.flickr-photo { border: solid 2px #000000; }
.flickr-yourcomment { }
.flickr-frame { text-align: left; padding: 3px; }
.flickr-caption { font-size: 0.8em; margin-top: 0px; }



Picture 104, originally uploaded by espeedy123.

(Texas Mike)
Camels in Australia? You bet. In fact, these funny sounding/looking/smelling creatures played a huge part in the development of the dry, unforgiving interior of Australia. They were first imported into the country by european explorers in the mid 1800’s. The one-humped variety is perfect for the arid outback conditions, and they truly have gone wild ever since. There are now about 500,000 wild camels in Australia; the country is actually starting to export some to other countries because the Ozzie camels are pure and disease free thanks to some serious quarantine laws and breeding specifics.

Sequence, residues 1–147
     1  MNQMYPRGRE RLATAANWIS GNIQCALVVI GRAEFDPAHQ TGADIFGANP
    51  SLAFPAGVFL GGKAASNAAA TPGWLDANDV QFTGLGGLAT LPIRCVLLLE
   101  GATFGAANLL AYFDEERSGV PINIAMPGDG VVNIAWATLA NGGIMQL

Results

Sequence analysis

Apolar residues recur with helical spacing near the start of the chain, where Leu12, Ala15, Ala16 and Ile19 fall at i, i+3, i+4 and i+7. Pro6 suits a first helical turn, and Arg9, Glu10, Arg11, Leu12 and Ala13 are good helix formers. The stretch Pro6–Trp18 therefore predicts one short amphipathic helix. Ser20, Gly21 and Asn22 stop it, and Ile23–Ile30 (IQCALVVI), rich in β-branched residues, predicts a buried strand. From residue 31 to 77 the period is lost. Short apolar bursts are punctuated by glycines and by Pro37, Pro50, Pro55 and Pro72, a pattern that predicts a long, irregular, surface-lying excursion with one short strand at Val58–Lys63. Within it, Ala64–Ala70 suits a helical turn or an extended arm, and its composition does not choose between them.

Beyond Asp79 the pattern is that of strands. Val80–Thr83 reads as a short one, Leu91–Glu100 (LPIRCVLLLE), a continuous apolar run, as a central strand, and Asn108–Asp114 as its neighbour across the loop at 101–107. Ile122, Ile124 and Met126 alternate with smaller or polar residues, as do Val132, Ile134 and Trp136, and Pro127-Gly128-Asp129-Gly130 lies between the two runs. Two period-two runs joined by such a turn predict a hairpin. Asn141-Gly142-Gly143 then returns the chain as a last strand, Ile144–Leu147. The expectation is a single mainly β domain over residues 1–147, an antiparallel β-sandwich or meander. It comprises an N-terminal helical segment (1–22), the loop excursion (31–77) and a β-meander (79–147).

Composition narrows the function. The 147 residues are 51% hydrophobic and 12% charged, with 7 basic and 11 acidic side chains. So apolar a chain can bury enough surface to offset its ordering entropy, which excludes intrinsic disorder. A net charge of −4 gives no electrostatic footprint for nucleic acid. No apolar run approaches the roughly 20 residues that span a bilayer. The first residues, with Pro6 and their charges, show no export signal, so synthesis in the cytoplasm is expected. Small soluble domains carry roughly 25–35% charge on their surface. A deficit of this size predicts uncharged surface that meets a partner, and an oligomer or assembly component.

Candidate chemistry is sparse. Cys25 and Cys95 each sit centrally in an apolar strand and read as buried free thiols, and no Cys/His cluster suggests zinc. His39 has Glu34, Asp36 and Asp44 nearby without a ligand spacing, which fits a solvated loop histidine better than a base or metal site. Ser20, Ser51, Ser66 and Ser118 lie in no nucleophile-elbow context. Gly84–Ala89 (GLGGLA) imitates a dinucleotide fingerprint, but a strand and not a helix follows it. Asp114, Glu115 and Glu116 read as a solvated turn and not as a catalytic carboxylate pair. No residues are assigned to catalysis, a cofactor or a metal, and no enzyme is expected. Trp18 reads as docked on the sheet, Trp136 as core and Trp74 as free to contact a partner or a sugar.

Our camel, Sky, is anything but wild, but it started out that way. Many of the camels at the Alice Springs camel farm came from bad situations in the wild, and they now thrive in captivity. Better yet, they allow tourists like us a chance to feel like an outback pioneer. Like a one-hour convoy down the bone-dry Todd River bed. I can’t imagine riding one of these suckers 500 km through the desert to pick up my one-year of supplies at the closest rail station, as they had to do at the Alice Springs telegraph station.

I like cars. They have a/c and don’t try and bite your legs.

Advertisements